Commercial Banking provides lending, deposit, and treasury and payment solutions with a focus on building relationships with companies that have annual revenues greater than $25 million. Commercial Banking is comprised of the following:
Middle Market delivers a full array of financial services to a diversified group of companies, leveraging industry specialization and delivering competitive products and services, primarily in the Northeast.
Commercial Real Estate provides financing, primarily in the Northeast, for the acquisition, development, construction, or refinancing of commercial real estate for which the property is the primary security for the loan and income generated from the property is the primary repayment source.
Webster Business Credit Corporation is the asset-based lending subsidiary of Webster Bank and is one of the top 25 asset-based lenders in the U.S. Webster Business Credit Corporation builds relationships with growing middle market companies by financing core working capital and import financing needs primarily with revolving credit facilities with advance rates against accounts receivable and inventory. Webster Business Credit Corporation lends primarily in the eastern half of the U.S.
Webster Capital Finance is the equipment finance subsidiary of Webster Bank. Webster Capital Finance offers small to mid-ticket financing for critical equipment with specialties in construction, transportation, environmental and manufacturing equipment. Webster Capital Finance lends primarily in the eastern half of the U.S. and in other select markets
Treasury and Payment Solutions delivers a broad range of deposit, lending, treasury, and trade services, primarily in the Northeast, via a dedicated team of treasury professionals and local commercial bankers. Treasury and Payment Solutions is comprised of Government and Institutional Banking, Cash Management Sales and Product Management to deliver holistic solutions to Webster’s increasingly sophisticated business and institutional clients.
HSA Bank is a leading bank administrator of health savings accounts based on assets under administration. With a focus on health savings accounts, HSA Bank also delivers health reimbursement arrangements, and flexible spending and commuter benefit account administration services to employers and individuals in all 50 states. Health savings accounts are distributed nationwide directly to employers and individual consumers as well as through national and regional insurance carriers, benefit consultants and financial advisors. At December 31, 2018, HSA Bank had over 2.7 million accounts with more than $7.2 billion in health savings account deposits and linked investment balances.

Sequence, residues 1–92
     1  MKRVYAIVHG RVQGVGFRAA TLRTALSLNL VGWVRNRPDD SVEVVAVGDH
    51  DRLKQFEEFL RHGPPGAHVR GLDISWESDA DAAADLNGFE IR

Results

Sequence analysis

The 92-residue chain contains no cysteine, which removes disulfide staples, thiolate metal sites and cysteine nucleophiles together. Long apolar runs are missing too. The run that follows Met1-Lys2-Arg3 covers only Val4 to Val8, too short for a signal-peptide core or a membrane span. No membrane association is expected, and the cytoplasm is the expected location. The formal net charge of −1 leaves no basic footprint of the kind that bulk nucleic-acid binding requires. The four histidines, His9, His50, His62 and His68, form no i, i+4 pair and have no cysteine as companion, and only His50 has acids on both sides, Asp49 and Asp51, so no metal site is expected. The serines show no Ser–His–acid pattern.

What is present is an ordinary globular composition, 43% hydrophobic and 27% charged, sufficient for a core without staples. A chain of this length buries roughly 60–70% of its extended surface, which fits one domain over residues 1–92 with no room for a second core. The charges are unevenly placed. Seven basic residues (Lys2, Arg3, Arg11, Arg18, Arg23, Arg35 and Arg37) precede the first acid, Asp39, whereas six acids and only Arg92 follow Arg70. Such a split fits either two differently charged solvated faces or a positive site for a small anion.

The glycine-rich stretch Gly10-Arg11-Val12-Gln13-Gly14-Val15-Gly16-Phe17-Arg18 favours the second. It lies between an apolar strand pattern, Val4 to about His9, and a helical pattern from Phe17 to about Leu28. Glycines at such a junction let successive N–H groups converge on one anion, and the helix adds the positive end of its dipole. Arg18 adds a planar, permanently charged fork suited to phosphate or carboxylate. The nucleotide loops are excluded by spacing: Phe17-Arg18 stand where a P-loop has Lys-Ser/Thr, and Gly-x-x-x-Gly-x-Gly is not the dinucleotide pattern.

Community Banking serves consumers and business banking customers primarily throughout southern New England and into Westchester County, NY. Community Banking is comprised of personal and business banking, as well as a distribution network consisting of 157 banking centers, 316 ATMs, a customer care center, and a full range of web and mobile based banking services.
Personal Banking offers consumer deposit and fee-based services, residential mortgages, home equity lines/loans, unsecured consumer loans, and credit card products. In addition, investment and securities-related services, including brokerage and investment advice is offered through a strategic partnership with LPL Financial Holdings Inc. (LPL), a broker dealer registered with the SEC, a registered investment advisor under federal and applicable state laws, a member of the Financial Industry Regulatory Authority (FINRA), and a member of the Securities Investor Protection Corporation (SIPC). Webster Bank has employees located throughout its banking center network, who, through LPL, are registered representatives.
Business Banking offers credit, deposit, and cash flow management products to businesses and professional service firms with annual revenues of up to $25 million. This group builds broad customer relationships through business bankers and business certified banking center managers, supported by a team of customer care center bankers and industry and product specialists.
Additional information relating to our business segments is included under the caption "Segment Reporting" in Item 7, Management's Discussion and Analysis of Financial Condition and Results of Operations.
Subsidiaries of Webster Financial Corporation
Webster Financial Corporation's direct consolidated subsidiaries include Webster Bank, Webster Wealth Advisors, Inc., and Webster Licensing, LLC. Additionally, Webster Financial Corporation, the Holding Company, owns all of the outstanding common stock of Webster Statutory Trust, an unconsolidated financial vehicle that has issued, and may in the future issue, trust preferred securities.
Webster Bank offers its wide range of financial services to individuals, families and businesses. Through its HSA Bank division, Webster Bank offers health savings accounts, health reimbursement accounts, flexible spending accounts, and other financial solutions. Through its strategic partnership with LPL, Webster Bank offers investment and securities-related services.